So we had Ingemo Engström's long, wordy, and anemic Flucht In Der Norden (The Flight North), with its Thirties German heroine (Katharina Thalbach) wavering between romance in Finland and the call of anti-fascism; Wolfram Paulus' glacially dull Heidenlöcher (Hide-Outs), about a Nazi deserter holing up in the wintry countryside, where there's little food, less warmth, and almost no conversation; George Panassopoulos' crackpot Mania (Mania) from Greece, in which a career woman throws off the bourgeois yoke by going all Bacchic in a public garden; and Miklos Jancso's tail-chasing L'Aube (The Dawn), with Sabras fighting the Brits in Forties Palestine and arcane dialogue matching Jancso's eternal circles of actors and camera movement.

Berlin has become a soft touch for any movie that wags a finger against ruling classes, creeds, or dogmas. The best competition films were those that set about the finger-wagging most individu­ally and poetically. Don't be deterred by the title of Masahiro Shinoda's Yari No Gonza (Gonza the Spearsman), which sounds like The Muppet Show gone samurai. The film is a parable of the old order yielding to the new, set in a visually dazzling 17th-century Japan: lamp-lit, golden interiors whose geometry is lyricized by the swirl of multicolored robes and kimonos. We are poised between the dying fall of samurai martial traditions and the emergence of the tea ceremony as the centerpiece of Japanese honor.

This tea ceremony and its runic secrets, which prove the undoing of the adultery-accused hero and heroine caught poring over the scrolls, will prove a puzzle to Westerners. It takes a while to appreciate that what seems like a mad obsession with gustatory trivia (What if you prefer coffee? Are tea bags allowed?) was in this shogunate a symbol of samurai self-discipline, social delicacy, and dynas­tic solidarity. Shinoda, whose Double Suicide also infused domestic minutiae in the boiling water of tragedy, turns the screen into a bubbling pot of conspiracy and hieratic passion. The ending espe­cially – with blood, horror, and show­down on a triple-humped wooden bridge – is as devastating as anything from the Japanese since Yojimbo.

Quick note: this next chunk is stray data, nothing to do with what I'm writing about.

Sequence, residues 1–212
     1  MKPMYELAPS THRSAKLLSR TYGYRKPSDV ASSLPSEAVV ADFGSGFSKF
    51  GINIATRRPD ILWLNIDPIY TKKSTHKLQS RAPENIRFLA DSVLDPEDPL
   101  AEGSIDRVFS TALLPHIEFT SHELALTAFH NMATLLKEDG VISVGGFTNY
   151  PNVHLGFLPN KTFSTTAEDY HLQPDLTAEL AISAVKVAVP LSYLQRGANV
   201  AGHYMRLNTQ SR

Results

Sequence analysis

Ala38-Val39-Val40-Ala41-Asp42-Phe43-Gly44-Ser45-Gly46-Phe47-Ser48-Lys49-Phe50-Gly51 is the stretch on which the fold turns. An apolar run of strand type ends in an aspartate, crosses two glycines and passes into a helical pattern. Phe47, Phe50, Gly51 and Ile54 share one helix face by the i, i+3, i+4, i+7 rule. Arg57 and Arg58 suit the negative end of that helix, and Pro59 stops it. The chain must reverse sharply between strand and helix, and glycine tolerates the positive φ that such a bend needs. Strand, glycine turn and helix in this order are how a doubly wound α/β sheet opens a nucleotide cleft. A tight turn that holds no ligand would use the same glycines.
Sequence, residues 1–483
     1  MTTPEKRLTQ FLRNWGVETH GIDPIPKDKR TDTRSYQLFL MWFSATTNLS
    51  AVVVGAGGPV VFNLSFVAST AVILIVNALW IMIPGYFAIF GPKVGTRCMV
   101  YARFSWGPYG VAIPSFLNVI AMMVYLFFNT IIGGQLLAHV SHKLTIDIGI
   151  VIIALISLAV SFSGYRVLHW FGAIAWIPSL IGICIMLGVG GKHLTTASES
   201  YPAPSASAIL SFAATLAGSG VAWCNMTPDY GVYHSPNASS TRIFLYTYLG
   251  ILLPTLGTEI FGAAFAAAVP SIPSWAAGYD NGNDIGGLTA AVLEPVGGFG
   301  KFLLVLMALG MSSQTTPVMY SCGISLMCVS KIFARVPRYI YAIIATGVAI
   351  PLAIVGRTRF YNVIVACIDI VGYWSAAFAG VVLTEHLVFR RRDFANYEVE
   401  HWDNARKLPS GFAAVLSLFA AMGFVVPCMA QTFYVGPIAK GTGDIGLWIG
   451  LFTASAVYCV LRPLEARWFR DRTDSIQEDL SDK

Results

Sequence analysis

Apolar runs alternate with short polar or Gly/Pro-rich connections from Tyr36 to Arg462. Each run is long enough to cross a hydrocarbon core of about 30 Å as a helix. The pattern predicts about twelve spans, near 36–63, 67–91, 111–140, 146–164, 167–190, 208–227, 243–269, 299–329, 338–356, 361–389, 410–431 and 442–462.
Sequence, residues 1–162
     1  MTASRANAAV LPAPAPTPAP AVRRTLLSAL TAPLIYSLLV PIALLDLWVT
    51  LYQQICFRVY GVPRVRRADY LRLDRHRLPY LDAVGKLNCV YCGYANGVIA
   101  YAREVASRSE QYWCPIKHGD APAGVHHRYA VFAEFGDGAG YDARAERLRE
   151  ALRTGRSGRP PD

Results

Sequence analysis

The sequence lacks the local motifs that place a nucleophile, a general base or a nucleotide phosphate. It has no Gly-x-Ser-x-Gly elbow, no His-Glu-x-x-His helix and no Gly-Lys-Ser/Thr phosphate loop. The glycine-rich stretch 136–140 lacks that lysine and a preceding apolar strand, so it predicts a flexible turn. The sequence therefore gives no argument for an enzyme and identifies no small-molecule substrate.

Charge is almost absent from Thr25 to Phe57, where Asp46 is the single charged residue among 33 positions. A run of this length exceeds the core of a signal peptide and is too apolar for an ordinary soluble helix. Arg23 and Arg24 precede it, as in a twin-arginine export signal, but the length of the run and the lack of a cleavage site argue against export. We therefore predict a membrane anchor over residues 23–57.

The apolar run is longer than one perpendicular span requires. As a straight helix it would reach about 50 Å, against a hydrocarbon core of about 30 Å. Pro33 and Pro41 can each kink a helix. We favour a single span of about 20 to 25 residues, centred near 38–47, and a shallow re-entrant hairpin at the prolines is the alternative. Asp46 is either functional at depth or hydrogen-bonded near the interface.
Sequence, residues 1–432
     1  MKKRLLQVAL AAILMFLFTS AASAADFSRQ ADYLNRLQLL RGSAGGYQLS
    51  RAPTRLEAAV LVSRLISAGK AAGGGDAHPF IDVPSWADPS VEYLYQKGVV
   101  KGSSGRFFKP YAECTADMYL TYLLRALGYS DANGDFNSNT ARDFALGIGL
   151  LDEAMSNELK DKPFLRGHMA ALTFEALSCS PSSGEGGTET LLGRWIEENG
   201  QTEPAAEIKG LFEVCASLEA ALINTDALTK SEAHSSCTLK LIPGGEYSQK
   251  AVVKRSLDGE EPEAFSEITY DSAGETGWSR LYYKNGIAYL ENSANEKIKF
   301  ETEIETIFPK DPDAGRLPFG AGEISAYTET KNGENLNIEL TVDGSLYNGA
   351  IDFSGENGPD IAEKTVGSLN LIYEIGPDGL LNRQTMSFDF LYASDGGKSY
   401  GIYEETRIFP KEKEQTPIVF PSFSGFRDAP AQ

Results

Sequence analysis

The other competition triumph was Nanni Moretti's La Messa E Finita (The Mass Has Ended), which won a Silver Bear. Signor Moretti is a ta11 and melancholy Italian comic who resembles a good-looking gondola pole. Here he plays a young priest transferred from a remote island to a parish in the Roman outskirts where he was born and brought up.

Now don't all run away screaming at the word "priest; thinking of Bing Crosby or Fernandel, or flock into church either. This cinematic Mass here is funny, unpredictable, and tousle-rhythmed.

Moretti's great skill as a performer is in alternating scenes of doggy passivity with berserk tantrums in which he beats his fists against the whole world. This man's rock is faceted by his abortion-prone sister, his dad who has decamped with a young girl leaving mom in the lurch, and a former school friend and ex-radical who has now curled up into an Oblomov-like coma. "I am at home; says his answering machine, "but I don't feel like talking to anyone anymore" Catholicism becomes comically human, trying to pick its way between the yapping dictates of dogma and the anguishes of private emotion.

Berlin began on a grace note with Federico Fellini's Ginger e Fred (Ginger and Fred), the gala opening pic, shown out of competition. Saint Federico – his-more-than-mortal talent surely now deserves official canoniza­tion – has us all join him on cloud nine (8½-plus) in this glorious, funny, senti­mental vaudeville.

Marcello Mastroianni and Giulietta Masina, ex-hoofers reteaming for an Ed Sullivan-like variety telethon 25 years after they split up, ride high through the stations of Fellini's wonderland. Ah, and the stations of the lost and found: a luxury hotel with magical studio landscape out back where the artistes gather – dwarves, transsexuals, Kojack and Woody Allen look-alikes; the television studio where monitors disgorge a Rabelaisian stream of pasta commercials; and the stage where Mastroianni and Masina finally re-create a moment of love for each other and a second-rate career that at least had integrity – give or take the odd pratfall and power cut.

Gloriously funny, very touching, and carelessly profound, the film works to stir one's feelings for both Mastroianni and Masina, as well as their failed characters. "Why look for miracles?" says a levitating monk who refuses to levitate for the Tv cameras. "The miraculous is all around us."